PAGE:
Tanzania Plans Joint Naval Exercises With Iran’s Naval Forces, according to Press Reports, raising an important Question: Does Tanzania Fit in Iran’s Foreign Policy Agenda to Justify Joint Military Exercises? This Detailed Report Takes You Into the Iranian Thinking to Make You Determine How and Whether Tanzania Fits in That Foreign Policy Agenda…
Iran has two naval forces; an older navy called the IRIN, and a new navy called the IRGCN. The Far Eastern Muslim theocracy intends to influence the strategic maritime triangle that extends from the Bab-al Mandeb strait at the southern end of the red sea to The Strait of Hormuz and even across the Indian ocean to the strait of Malacca, according to one report published by the organization Understanding War. With 2025 as a target date to meet the Iranian Supreme Leader’s strategic guidance, the Iranian navy has significant time to continue the fleet modernization, procurement, and diplomatic outreach needed to support its desired capability level.
Currently the IRIN consists of approximately 200 ships and 18,000 personnel. While many of its surface ships hail from the Shah’s era, recent subsurface and cruise missile procurement, as well as a growing domestic production capacity have increased its capabilities. . Larger than the IRIN , the IRGCN consists of 20,000 personnel and anywhere from hundreds to several thousand ships and small crafts. Recent development has expanded the IRGCN’s capabilities, equipping it with fast attack boats, torpedoes, and anti-ship cruise missiles. Iran has stated it is now self-sufficient in the production of naval armaments, missiles, and torpedoes; in early 2010 Iran produced a new corvette line, accelerated small submarine production, and in September 2011 announced plans to build an aircraft carrier.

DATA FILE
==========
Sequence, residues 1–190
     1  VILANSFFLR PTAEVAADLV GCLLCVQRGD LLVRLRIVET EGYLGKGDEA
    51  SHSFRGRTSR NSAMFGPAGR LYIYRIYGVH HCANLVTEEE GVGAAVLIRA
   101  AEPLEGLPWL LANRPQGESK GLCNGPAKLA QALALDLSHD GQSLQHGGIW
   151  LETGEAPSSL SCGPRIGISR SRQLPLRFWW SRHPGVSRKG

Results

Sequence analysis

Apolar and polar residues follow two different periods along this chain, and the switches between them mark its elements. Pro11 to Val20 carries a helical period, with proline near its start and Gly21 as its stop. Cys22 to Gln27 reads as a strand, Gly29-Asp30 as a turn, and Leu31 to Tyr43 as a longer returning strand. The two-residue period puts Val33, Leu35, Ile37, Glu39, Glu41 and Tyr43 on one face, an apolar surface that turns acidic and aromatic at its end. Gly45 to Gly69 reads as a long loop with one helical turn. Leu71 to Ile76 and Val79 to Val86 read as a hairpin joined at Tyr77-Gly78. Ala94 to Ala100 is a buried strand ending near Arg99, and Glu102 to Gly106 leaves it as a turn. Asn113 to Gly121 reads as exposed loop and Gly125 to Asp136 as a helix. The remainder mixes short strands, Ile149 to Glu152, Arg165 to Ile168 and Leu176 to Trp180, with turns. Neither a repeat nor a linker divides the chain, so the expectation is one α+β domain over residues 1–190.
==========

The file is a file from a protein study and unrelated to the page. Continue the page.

ANATOMY OF TWO IRANIAN NAVIES
By TZ Business News Staff
Iran has two navies: the old, less trusted navy, and the new navy, highly equipped, highly trained and trained to be brutal and lethal. But both navies have now been mandated to exert short-term soft power influence in their region and beyond, with a long-term goal of primacy in the Persian Gulf and Indian Ocean, a public document written by a US Navy Intelligence officer has reported.
Observed high-level military exchanges and joint-operations with Qatar, Djibouti, Oman, and Turkey, as well as numerous statements alluding to the possibility of joint-action with the Gulf Cooperation Council, highlight this [perceived Iranian] goal toward supremacy.
Tanzania has in the meantime reached an agreement with the Iranian navy providing for Tanzanian navy officers to be trained by the Iranian Navy, a news agency associated with the Iranian Revolutionary Guards, the FARS News Agency, reported this June, 2014.
The Ambassador of the Islamic Republic of Iran to the United Republic of Tanzania, H.E. Mehdi Agha Jafari told the news agency his country’s Navy is to train Tanzanian navy officers. The envoy made the remarks after the Iranian Navy’s 30th Flotilla of warships had visited and left Dar As-Salaam.
THE TWO NAVIES
Tehran has historically used its naval forces to send strategic signals and project its foreign policy ambitions and priorities, according to a public document written by a US Navy Intelligence Officer, Commander Joshua Himes, who currently serves as the assistant Chief of Staff for Intelligence aboard the USS George H. W. Bush. He previously served as deputy director for intelligence in the National Military Command Center in the Directorate of Intelligence on the Pentagon’s Joint Staff in Washington DC.
The report called “Middle East Security Report 1” submitted to the Institute for the Study of War (ISW) and published by the organization Understanding War.org describes the Iranian navies as quite strong. But it also expresses fear the strength foments uncertainty in the middle east.
“The Arab Spring has fomented increasing uncertainty in the Middle east, a circumstance in which iran’s regional intentions are of increasing concern. U.S. attempts to isolate the regime are driven by concerns over iran’s nuclear program, the enduring energy chokepoint at the Strait of Hormuz, and Iran’s export of radical Shi’a militancy through proxy groups across the region, particularly as it affects Iraq, the Gulf Cooperation Council (GCC), Yemen, Syria, and Lebanon,” Commander Himes reports.
The Institute for the Study of War (ISW) is a non-partisan, non-profit, public policy research organization. The institute advances informed understanding of military affairs through reliable research, trusted analysis, and innovative education. Iran has two navies. The Muslim Theocracy views its naval resources as its most visible counterforce to U.S. and Allied operations off Iran’s shores and the best prepared of Iran’s military services to conduct conventional military operations, Commander Himes reports.